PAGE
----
Tulsi, also called holy basil, is considered safe in general. Tulsi herb and tea are used for a variety of illnesses and medical conditions in India. Although considered safe for daily use, tulsi in any form is contraindicated (i.e., inadvisable) for certain medications and medical conditions.
Tulsi and Pregnancy
Considered safe during pregnancy, tulsi (herb or tea) can be found in most Indian homes. The FDA recommends drinking all herbal teas in moderation during pregnancy. Consult with your doctor before taking holy basil during pregnancy, lactation, and for children under two years.
Tulsi During Surgery
Tulsi can increase bleeding during surgery by interacting with medications administered during surgery and should not be consumed for three months pre- or post-surgery.
Tulsi and Blood Thinners
Tulsi should not be taken with medications that slow blood clotting or with blood thinners. Be cautious with this herb while taking such medications and always consult with a doctor before using them.
Tulsi has been used in India as a common household herb and medicine for thousands of years. Organic fair trade farms in India provide incomes for many women who may not otherwise have income. These farms supply more than 90 per cent of the world supply of Tulsi.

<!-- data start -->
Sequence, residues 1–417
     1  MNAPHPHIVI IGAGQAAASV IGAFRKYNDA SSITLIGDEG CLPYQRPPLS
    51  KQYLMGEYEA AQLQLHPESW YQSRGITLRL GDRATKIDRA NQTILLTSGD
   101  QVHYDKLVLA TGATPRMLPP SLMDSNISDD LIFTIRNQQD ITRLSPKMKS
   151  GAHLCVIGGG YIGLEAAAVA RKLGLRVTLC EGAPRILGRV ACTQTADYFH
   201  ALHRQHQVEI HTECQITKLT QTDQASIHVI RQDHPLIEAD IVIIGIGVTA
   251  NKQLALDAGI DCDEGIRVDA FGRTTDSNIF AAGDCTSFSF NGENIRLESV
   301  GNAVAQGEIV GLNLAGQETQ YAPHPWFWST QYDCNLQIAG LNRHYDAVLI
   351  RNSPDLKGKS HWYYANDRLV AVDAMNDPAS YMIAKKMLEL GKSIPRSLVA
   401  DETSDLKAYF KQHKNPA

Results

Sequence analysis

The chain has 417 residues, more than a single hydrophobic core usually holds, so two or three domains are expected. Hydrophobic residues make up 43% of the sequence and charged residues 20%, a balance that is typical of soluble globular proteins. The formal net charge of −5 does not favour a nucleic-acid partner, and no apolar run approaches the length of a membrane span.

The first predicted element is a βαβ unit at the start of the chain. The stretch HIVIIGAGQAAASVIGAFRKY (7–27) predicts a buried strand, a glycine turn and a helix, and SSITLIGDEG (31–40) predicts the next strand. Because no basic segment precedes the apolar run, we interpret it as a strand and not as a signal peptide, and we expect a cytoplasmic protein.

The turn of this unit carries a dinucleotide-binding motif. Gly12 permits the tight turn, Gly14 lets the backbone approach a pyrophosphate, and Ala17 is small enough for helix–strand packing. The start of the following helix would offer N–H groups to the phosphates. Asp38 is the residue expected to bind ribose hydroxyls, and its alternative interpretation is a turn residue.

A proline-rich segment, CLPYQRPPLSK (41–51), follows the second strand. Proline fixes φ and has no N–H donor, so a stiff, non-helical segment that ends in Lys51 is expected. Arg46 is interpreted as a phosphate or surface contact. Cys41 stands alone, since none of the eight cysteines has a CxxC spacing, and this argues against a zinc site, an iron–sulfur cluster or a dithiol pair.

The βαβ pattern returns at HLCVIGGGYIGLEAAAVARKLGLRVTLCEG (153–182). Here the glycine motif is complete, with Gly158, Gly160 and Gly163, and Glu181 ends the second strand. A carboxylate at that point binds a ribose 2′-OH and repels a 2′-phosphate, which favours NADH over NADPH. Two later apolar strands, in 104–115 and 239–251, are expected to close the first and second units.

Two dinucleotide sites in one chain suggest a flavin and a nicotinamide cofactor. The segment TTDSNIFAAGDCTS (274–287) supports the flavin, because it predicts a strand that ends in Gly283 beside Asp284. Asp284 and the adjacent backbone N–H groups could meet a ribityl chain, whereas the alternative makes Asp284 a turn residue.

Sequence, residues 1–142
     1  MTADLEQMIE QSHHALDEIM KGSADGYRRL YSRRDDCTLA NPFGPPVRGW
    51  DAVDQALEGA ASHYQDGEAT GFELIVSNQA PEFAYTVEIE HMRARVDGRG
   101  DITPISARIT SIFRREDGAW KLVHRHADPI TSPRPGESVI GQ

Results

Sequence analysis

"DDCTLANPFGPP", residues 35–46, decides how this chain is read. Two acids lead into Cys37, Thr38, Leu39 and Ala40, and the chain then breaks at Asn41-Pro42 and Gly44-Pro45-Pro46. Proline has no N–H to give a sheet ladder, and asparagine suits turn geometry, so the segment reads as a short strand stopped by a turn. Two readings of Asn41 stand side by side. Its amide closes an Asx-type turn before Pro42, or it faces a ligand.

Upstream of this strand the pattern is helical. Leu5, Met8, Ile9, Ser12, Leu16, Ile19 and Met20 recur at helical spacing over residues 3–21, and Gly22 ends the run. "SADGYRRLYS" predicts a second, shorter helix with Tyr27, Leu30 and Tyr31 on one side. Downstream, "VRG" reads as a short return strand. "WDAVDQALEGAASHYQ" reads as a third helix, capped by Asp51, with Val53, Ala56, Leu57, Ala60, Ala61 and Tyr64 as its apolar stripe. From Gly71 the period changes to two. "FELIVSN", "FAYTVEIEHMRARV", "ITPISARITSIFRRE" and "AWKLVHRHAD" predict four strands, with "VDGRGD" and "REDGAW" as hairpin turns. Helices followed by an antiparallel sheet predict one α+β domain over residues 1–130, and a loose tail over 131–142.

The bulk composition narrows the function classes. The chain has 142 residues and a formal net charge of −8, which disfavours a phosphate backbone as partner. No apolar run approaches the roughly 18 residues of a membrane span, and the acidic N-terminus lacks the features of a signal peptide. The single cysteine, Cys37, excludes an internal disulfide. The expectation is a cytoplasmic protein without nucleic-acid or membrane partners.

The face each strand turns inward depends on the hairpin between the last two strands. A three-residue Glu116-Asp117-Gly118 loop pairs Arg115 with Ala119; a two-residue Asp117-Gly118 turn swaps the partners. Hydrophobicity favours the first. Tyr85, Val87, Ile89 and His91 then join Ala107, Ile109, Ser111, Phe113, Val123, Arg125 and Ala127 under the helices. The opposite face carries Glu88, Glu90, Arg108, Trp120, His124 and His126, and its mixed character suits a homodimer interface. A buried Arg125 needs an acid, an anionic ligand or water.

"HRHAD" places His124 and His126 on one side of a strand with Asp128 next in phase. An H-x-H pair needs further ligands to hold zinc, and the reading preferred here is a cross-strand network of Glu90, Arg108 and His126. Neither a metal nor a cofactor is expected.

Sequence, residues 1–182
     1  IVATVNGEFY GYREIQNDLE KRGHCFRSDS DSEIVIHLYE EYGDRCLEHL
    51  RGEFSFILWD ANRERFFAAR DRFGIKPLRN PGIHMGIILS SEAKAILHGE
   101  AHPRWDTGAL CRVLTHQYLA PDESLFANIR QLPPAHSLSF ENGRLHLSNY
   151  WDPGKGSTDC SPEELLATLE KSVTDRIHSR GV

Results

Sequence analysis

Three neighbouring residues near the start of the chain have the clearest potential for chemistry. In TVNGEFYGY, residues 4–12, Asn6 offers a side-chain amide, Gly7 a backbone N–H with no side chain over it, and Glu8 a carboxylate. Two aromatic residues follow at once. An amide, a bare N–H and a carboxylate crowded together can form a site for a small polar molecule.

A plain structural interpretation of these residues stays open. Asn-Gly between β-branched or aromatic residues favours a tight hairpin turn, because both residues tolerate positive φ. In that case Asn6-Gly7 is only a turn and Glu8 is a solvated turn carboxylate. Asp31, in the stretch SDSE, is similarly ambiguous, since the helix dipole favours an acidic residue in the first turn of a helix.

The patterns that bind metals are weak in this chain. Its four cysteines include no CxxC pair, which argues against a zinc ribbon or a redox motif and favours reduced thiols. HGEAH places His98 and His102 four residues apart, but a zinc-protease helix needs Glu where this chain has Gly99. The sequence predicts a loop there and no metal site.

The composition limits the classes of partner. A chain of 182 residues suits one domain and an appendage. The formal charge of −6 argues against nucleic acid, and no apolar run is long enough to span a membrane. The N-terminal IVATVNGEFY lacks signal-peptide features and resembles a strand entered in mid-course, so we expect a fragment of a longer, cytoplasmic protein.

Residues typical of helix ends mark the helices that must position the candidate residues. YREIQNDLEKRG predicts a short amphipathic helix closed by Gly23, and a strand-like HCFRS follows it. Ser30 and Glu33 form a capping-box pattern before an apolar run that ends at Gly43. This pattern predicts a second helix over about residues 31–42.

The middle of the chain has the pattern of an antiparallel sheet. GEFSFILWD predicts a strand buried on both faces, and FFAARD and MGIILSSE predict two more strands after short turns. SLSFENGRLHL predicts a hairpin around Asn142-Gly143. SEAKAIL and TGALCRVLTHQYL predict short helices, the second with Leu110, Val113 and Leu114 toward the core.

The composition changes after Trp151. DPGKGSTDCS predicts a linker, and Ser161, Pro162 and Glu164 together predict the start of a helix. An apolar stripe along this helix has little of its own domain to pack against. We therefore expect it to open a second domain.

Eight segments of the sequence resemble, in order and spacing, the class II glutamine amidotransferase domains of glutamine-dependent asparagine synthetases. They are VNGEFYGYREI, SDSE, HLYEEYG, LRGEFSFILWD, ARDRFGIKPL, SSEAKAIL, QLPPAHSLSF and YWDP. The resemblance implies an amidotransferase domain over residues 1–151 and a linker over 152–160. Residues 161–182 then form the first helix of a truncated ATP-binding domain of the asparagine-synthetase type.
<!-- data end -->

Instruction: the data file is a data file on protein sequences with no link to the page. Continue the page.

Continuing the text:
As with all consumable plants, Tulsi is not for everybody; there is always a chance of allergic reactions. Persons who are allergic to mint, regular basil, cabbage, broccoli, and other members of the Ocimum family should avoid it. Holy basil is a distant relative of regular basil, but it is not the same plant.
Other Names for Holy Basil
Ajaka, Bai Gkaprow, Baranda, Brinda, Green Holy Basil, Hot Basil, Indian Basil, Kala Tulsi, Kemangen, Krishna Tulasi, Krishna Tulsi, Manjari, Ocimum tenuiflorum, Ocimum sanctum, Parnasa, Patrapuspha, Rama Tulsi, Red Holy Basil, Sacred Basil, Sacred Purple Basil, Shyama Tulsi, Sri Tulasi, Suvasa Tulasi, Tulasi, Tulsi, Tulsi Patra.
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